Tuesday, February 10, 2015

February 2015

I introduce myself nearly 7,314 times each week. Well, that may be an exaggeration, but I do announce myself and introduce the Congregation a lot. Something significant happened last Thursday afternoon. I was participating in a small group meeting of stewards and we were asked to introduce ourselves, our role in the Congregation, and why we remain involved with the Congregation. Many of us have been asked these questions. We usually don’t hear what anyone else is saying because we are busy forming our own response in our minds. This time that didn’t happen for me. I didn’t think about how to answer those questions. I simply stated my name, my role and said, “I am here because I want be.”

I didn’t feel the need to give a laundry list of reasons why I love the Congregation. This simple statement was very meaningful to me and from the heart. I wonder how many places we occupy because we want to versus having to. I wonder what happens when we feel the need to be somewhere else. Unitarian Universalism is a chosen faith. Most of us have arrived here from other traditions. We choose this faith because it speaks to our love of community, justice, and the tent of Unitarian Universalism is large and holds many traditions, free thinkers, and theologies.

There are times when some of us feel the need to be somewhere else. The large tent can become an illusion for some of us because our differences in thought and spirit are not part of the dominant theology of our community. You may have heard me say that one thing that concerns me about Unitarian Universalism is that we are at risk of not walking the talk. That is, we claim we are inclusive but our practice is to judge and sneer at thoughts and beliefs we think are not part of Unitarian Universalism or are not our own. I’ve experienced this in other congregations and here, along with others, at 1stUUPB. My use of Christian scripture, readings and hymns that are outside the comfort zone of some is sometimes abhorred. My use of readings and hymns that are outside of the more Christian spirituality of others sometimes receives the same reaction.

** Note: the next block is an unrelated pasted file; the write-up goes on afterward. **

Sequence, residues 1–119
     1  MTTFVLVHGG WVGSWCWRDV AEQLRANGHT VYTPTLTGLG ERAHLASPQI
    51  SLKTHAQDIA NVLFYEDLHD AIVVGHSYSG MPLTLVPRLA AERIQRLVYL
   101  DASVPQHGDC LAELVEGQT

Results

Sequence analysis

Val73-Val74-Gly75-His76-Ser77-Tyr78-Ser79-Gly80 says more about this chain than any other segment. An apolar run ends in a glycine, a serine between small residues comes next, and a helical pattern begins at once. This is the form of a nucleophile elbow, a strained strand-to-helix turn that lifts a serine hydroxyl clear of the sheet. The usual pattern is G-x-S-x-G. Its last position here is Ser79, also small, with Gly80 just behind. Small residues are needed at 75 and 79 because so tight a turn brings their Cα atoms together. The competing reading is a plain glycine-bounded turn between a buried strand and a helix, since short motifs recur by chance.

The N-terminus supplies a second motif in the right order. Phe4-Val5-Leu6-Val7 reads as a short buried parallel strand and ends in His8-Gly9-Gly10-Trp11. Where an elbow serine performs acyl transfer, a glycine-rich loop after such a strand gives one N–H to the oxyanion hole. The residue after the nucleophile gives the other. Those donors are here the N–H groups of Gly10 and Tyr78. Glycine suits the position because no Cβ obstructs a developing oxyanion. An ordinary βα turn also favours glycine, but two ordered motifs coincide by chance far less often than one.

In fact I was asked to say “Amen” after the benediction on Sundays instead of “Blessed be.” Unitarian Universalists, including myself, claim we are inclusive yet talk of other traditions and faiths sometimes excludes our own UU brothers and sisters who hold those other traditions and faith dear. This leads to questioning their choice to be here. They feel they’ve fallen victim to a bait and switch. They arrived here with the promise of acceptance and encouragement but received the opposite.

I’m holding this up not because I wish for everyone to change what they believe and hold dear. I’m hoping for the opposite. We should hold tight to our beliefs but simply understand we need to be respectful of what others are holding. How very Unitarian Universalist that would be. Our tent shelters many people, stories, traditions, beliefs, and thoughts are plentiful and diverse. We don’t have to think alike to love alike.


This is the talk we must walk saying “I don’t share your beliefs but I honor you, thus honor your beliefs.” None of us own the truth and need to live and love one another in a way that demonstrates we understand that. My heart aches when one of us feels left or cast out for what we believe. At our core that is not who we are. It is a conscious practice to honor one another as we are called by Unitarian Universalism to do. If we believe in freedom, our hearts and speech will encourage versus disparage. I want to be here. I love you, I love this place. Whoever you are, wherever you are on your spiritual journey, you are welcome here. Let these words not shallowly fall from our lips. Let us live them.

Blessings,
Rev. CJ